Yay, I've made it ! So... this sentece is suggesting a bit why I gave that book only three stars - this book is surprisingly hard to read. I have managed to finish it only after third approach, whereas previous attempts failed miserably.

Don't get me wrong:
- I (almost) fully agree with the conclusions,
- The book is funny enough sometimes,
- I knew more or less the content before reading the book (and I knew that I agree with it),
- I attended the the Management 3.0 training lead by Jurgen himself,
Jul 28, 2018 rated it really liked it  ·  review of another edition
Shelves: business
Most agile methodologies, including the widespread Scrum framework, more or less dispense of the manager. Does this mean that Management is no longer needed?

The answer is that managers still play an important role, and Jurgen Appelo's book “Management 3.0: Leading Agile Developers, Developing Agile Leaders” explains why.

Introducing agile methodologies such as Scrum will significantly change the way management works. The traditional command and control structure will be supplanted by a coaching /
Miguel Ángel Ocaña Silva
Apr 02, 2018 rated it really liked it
Shelves: agile
Después de leer un libro que trata tanto sobre sistemas complejos y complejidad resulta muy curioso darle una nota del 1 al 5 estrellas teniendo en cuenta una sola dimensión... Es un libro que me ha gustado mucho, que transmite mucho trasfondo y horas de trabajo buscando fuentes, referencias... Y algunas de ellas tan interesantes que es muy fácil empezar a tirar del hilo y descubrir que has estado mucho tiempo allí.
Por otra parte, aunque está plagado del humor de Jurgen para hacerlo más ameno, e
Venkatesh Upadrista
Aug 31, 2017 rated it it was amazing
I have met Jurgen in one of the conference and after understanding his knowledge in Agile, I started to review his book. In my past several years of teaching experience on topics of Distributed Agile, i came across experts who spoke about leadership in agile projects but i would have to admit that Jurgen has come across quite different in his articulation on how an agile leader should be developed. In his book, Jurgen has given a very realistic approach on how to develop leaders and nurture them ...more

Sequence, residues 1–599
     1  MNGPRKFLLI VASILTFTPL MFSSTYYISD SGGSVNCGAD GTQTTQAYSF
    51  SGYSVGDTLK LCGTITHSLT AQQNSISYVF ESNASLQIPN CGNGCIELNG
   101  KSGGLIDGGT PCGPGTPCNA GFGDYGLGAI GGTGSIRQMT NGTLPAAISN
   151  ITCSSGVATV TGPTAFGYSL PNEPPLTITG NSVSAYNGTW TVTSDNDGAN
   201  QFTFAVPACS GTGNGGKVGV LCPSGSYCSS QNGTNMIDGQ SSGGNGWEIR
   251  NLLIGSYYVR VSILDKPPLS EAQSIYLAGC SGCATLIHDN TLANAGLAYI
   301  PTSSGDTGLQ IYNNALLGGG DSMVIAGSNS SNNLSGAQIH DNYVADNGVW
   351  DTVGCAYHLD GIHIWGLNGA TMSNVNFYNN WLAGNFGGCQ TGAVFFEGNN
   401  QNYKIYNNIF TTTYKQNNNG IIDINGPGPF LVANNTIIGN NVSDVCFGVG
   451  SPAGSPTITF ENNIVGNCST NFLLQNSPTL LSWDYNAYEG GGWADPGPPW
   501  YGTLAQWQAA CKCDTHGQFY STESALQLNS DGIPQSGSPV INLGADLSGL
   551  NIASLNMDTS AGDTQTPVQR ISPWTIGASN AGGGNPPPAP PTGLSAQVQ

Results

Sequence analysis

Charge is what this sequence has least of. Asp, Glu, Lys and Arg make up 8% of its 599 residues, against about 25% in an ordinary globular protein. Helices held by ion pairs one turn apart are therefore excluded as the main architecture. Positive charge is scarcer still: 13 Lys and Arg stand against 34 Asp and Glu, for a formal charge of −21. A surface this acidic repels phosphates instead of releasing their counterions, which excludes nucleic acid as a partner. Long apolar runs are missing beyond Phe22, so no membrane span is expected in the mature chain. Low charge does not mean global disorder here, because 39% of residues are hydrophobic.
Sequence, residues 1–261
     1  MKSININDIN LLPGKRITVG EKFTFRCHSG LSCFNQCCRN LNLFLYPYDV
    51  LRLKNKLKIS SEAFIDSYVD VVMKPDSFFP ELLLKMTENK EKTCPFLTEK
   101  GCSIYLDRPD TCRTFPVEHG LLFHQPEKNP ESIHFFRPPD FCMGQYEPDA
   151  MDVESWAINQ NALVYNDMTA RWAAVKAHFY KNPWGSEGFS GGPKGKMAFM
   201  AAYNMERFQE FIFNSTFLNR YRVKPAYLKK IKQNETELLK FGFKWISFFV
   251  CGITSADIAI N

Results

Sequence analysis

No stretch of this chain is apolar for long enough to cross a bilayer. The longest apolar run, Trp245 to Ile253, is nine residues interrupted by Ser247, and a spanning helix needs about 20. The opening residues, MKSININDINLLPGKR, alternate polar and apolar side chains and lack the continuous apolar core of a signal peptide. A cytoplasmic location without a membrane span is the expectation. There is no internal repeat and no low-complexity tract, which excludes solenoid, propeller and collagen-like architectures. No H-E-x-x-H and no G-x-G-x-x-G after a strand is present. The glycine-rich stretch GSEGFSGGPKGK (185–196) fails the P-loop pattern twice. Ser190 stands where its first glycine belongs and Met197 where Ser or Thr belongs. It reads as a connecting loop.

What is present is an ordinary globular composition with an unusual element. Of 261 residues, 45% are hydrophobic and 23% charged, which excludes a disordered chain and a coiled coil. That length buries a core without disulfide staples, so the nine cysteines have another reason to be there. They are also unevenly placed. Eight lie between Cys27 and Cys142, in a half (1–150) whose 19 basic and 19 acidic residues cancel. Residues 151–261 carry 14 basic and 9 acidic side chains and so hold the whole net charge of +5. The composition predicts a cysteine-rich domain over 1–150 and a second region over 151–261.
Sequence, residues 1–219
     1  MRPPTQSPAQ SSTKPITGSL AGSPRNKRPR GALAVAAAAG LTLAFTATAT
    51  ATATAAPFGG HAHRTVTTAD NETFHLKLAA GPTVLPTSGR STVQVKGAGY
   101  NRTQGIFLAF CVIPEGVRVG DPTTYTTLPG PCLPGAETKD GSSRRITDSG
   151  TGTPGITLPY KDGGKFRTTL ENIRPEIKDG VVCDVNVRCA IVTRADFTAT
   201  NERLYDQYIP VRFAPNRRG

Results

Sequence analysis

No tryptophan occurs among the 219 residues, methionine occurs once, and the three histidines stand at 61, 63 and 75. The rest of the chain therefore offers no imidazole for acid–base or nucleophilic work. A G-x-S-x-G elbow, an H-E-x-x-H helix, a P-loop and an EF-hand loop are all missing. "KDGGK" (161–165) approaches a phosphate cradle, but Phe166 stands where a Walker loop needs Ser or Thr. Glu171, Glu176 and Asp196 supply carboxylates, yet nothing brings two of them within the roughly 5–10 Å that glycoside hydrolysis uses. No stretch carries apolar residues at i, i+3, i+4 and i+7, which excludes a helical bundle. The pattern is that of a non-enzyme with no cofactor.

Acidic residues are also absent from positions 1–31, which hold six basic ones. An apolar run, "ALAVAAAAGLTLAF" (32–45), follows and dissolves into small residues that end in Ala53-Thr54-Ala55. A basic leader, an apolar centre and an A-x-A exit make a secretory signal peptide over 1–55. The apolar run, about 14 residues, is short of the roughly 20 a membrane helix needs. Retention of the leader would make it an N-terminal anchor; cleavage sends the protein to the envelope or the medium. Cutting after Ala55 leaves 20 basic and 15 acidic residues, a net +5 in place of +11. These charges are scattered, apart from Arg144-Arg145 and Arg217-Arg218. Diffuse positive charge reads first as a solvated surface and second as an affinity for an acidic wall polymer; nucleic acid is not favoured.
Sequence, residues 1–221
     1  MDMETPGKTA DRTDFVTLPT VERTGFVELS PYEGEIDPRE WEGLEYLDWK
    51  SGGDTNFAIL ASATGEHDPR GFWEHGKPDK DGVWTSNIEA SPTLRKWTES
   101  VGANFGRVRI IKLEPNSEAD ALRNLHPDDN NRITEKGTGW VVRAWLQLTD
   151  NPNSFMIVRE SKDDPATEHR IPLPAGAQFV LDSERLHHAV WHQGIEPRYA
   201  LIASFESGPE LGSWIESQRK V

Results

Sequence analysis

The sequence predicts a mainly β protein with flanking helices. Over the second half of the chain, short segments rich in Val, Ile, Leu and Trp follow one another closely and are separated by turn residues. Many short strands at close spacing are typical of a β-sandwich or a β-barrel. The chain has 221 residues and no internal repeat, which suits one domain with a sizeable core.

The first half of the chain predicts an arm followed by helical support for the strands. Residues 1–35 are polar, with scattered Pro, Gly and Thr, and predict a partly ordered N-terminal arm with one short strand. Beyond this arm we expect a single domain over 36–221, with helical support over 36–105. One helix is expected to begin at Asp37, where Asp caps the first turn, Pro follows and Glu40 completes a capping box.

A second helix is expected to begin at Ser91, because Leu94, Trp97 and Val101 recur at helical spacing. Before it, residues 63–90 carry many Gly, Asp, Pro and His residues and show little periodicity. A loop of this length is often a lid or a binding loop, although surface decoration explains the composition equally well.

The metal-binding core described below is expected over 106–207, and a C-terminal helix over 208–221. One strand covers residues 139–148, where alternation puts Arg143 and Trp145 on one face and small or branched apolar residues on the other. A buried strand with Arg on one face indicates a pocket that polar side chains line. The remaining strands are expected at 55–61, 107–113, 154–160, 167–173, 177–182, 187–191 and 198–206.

Łukasz Woliński
Jul 16, 2017 rated it it was amazing
Shelves: books, business
This book is smart. It took me a lot of time to read it from cover to cover, because it was also quite hard (for me ;)). It’s a book that has the word “management” in the title, but inside you find things like Heisenberg’s Uncertainty Principle or Chaos Theory. Not something that someone would expect from a book about management. The author has also a great sense of humour, so it’s really funny.

The main idea of the book is that software development teams are complex adaptive systems. This idea i
Kenneth Roberts
Nov 27, 2018 rated it really liked it
Shelves: agile-scrum-lean
The book is a little tone deaf at times, but has some useful tools, concepts and explanations behind them.

I've successfully used the Delegation Board with a couple of managers. It is also useful when determining decision making authority in meetings, etc.

The Celebration Grid has come in handy for team retrospectives.

Personal Maps have been useful at times, but I have used the tool based upon other reading.
Dusan Katona
Jan 31, 2018 rated it really liked it
The book is good, although with a title Management 3.0. I expected a bit more. The theoretical chapters are sometimes too long, but I admit they provide a good metaphor and background for the practical chapters - I particularly liked the analogy with fitness landscape.
The practical chapters were mostly good - with reflection and action section at the end of each, provoking your thought on how to apply the practices to your organization.
Mikael Thoustrup
Apr 18, 2018 rated it really liked it
A good read - definitely worth the while for anybody jumping into the field of organizational agility. The theoretical chapters are sometimes a bit far-fetched and leaves you with a feeling of elevating similarities to predictors. "Because cells in the body organizes this way, so must we in a company"-sort of arguing.